Hey, how are ya?
After what felt like harsh weeks in the tundra, today in New England the temperature hit nearly fifty. “HEAT WAVE,” some folks joked. The change in weather felt refreshing, but also ironic for me since I am undergoing some big changes in my life.
This week I attended orientation for graduate school. As of Monday, I will be back to hitting the books, which is a big change from the work I have been doing over the last few months of my “gap semester.” I spent the last four months working on this blog and writing a memoir about my life. During that process, I had plenty of time to think about what “change” means to me. I’ve had to dig deep to think about painful memories and positive triumphs to identify what has helped me maneuver life changes: I am comfortable making adjustments on the fly.
For example, in basketball when a defender is guarding you before you dribble the ball, you learn to pivot to get yourself out of a jam and see what or who is open. With each day or month that brings a new surprise to me, I’ve learned to figure a way around the issue by ‘pivoting.’ Growing up with the constant need to pivot has been a battle and not always easy.
I have learned to embrace the unknown. More specifically, I embrace the fear of the unknown. I have found that as fearful as I might be of the challenges to come, I have to face them head-on. I also feel excited, nervous, eager, happy, afraid– the list goes on. So while my emotions are firing and my brain is wiring, I start to think of a proper response to stress. How I should handle everything is a mystery until I get there. Yet I know I will be required to make some adjustments. And that mystery – and the new challenges I will face – are what make me feel most alive.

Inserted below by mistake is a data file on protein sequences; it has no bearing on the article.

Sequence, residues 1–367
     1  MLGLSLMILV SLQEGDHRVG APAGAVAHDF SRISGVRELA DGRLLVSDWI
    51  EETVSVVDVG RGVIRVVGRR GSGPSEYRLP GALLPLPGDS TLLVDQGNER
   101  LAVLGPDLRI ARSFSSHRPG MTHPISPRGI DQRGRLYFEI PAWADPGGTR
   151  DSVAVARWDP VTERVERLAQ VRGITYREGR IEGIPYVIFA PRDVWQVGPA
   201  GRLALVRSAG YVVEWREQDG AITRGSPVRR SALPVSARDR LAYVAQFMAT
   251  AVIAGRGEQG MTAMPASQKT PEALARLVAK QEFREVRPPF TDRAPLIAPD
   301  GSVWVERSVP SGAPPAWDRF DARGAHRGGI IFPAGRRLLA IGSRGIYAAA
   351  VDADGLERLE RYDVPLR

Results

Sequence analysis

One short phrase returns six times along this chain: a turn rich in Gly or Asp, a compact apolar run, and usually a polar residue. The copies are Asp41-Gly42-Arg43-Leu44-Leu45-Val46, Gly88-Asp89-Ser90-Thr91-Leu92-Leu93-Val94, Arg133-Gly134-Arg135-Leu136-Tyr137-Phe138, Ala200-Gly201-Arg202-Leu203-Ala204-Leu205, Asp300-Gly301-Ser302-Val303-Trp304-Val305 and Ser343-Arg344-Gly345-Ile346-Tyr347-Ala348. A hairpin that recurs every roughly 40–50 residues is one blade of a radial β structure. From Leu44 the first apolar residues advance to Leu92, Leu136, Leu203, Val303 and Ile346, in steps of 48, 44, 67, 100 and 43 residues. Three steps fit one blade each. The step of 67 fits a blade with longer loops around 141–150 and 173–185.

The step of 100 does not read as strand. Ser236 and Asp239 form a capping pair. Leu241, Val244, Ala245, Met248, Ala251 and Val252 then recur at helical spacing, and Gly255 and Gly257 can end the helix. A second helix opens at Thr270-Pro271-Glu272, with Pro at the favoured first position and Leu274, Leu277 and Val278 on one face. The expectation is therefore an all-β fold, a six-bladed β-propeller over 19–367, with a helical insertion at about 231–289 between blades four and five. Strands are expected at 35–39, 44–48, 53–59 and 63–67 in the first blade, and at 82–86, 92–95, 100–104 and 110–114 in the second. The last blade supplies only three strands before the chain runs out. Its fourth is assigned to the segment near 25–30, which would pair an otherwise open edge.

When facing something unknown: expect to have your shot blocked, to lose the ball out of bounds, to get double-teamed, and to be fouled. If you can start to anticipate these things coming at you in life, you can become more comfortable pivoting, adjusting, and making magic happen in the moment. Change can be scary, but it is inevitable. Just like the falling and rising temperatures of winter in Massachusetts, we can’t know what tomorrow will bring. We must adjust to what comes our way.